Investment advice is offered by 57.8% of respondent companies. Nineteen point three (19.3) percent of participants used advice when it was offered. Participant usage tends to be greatest in small plans.
Sixty-eight point two (68.2) percent of companies retain an independent investment advisor to assist with fiduciary responsibility.
Thirty-three (33) percent of plan sponsors have no investment committee, though it varies heavily by plan size. More than half the plans with less than $5 million in assets did not. Fewer than one in 10 of plans with more than $5 million in assets did not have such a body.
The number of funds offered to plan participants has leveled off after many years of steady increase. Plans offer an average of 19 funds for both participant contributions and for company contributions. The funds most commonly offered to participants are actively managed domestic equity funds (90.3% of plans), actively managed international equity funds (87.4% of plans), indexed domestic equity funds (82.8% of plans), and actively managed domestic bond funds (79.6% of plans). Sixty-eight point six (68.6) percent of plans offer target-date funds. The average allocation of plan assets in these target-date funds is 12.4%.
Investment Policy Statement
Ninety (90) percent of all plans have a written investment policy statement, but only about half of those with less than $5 million in assets do.
Loans are most prevalent in plans permitting participant contributions. They are permitted in 89% of 401k, 88.4% of combination, and 17.6% of profit sharing plans. Fifty-four (54) percent of plans with loans permit only one loan at a time.
Non-qualified supplements are rare in small plans, but common in more than two-thirds of large plans (69.3%).
Among plans that permit participant contributions, 49% allow participants to make Roth after-tax contributions. Seventeen point four (17.4) percent of participants made Roth contributions when offered the opportunity. The average Roth deferral (from ADP test results) was 3.7% by lower-paid participants and 4.9% by higher-paid participants.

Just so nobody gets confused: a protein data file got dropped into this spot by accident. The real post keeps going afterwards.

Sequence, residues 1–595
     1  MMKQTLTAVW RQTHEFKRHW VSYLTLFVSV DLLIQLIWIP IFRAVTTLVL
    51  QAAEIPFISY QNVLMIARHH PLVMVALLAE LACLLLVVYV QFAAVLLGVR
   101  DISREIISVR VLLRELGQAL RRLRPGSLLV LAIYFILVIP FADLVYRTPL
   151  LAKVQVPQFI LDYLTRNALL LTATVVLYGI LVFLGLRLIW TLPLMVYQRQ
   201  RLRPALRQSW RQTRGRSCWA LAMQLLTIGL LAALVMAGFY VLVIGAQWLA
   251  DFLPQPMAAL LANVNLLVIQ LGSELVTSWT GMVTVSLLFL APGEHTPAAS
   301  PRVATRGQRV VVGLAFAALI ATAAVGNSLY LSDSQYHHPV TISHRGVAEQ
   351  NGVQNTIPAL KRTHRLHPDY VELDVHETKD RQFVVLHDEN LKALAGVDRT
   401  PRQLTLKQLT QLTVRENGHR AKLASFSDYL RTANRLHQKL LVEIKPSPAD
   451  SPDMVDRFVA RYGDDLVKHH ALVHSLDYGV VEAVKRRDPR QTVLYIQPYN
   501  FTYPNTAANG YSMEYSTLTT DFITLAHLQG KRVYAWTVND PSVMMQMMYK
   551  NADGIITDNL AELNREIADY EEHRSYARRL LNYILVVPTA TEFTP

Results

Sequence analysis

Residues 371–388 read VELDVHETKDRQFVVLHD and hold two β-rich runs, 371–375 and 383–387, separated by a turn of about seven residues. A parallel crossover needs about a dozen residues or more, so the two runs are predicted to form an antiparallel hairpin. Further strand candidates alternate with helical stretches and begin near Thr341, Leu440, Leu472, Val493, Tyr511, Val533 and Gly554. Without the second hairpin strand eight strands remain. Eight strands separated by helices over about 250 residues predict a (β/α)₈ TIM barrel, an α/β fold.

Self-directed Brokerage Accounts
Self-directed brokerage accounts are offered in 15.5% of plans, while open mutual fund windows are offered in 8.3% of plans. On average, plans invest 2.2% of plan assets through brokerage windows and 1.5% through mutual fund windows.
Safe Harbor Plan Design
Thirty-four point two (34.2) percent of plans have a Safe Harbor plan design in lieu of ADP/ACP testing.
Thirty-eight point nine (38.9) percent of plans provide immediate vesting for matching contributions, while 23.9% provide immediate vesting for profit sharing contributions. Among plans that do not have immediate vesting, graduated vesting is the most common arrangement for all contribution types.
* The most current studies and reports available have been used to compile the information. The following is a list of source material:
“55th Annual Survey of Profit Sharing and 401k Plans,” published by Plan Sponsor Council of America in 2012
“54th Annual Survey of Profit Sharing and 401k Plans,” published by Plan Sponsor Council of America in 2011
“401k and Profit Sharing Plan Eligibility Survey 2010,” published by Plan Sponsor Council of America
“2010 Survey of DC Plan Sponsors,” published by Towers Watson in 2011
“2009 Defined Contribution Survey,” published by Plansponsor.com
“401k Plan Asset Allocation, Account Balances, and Loan Activity in 2011,” published by Employee Benefit Research Institute and the Investment Company Institute
“Trends and Experience in 401k Plans 2009,” published by Aon Hewitt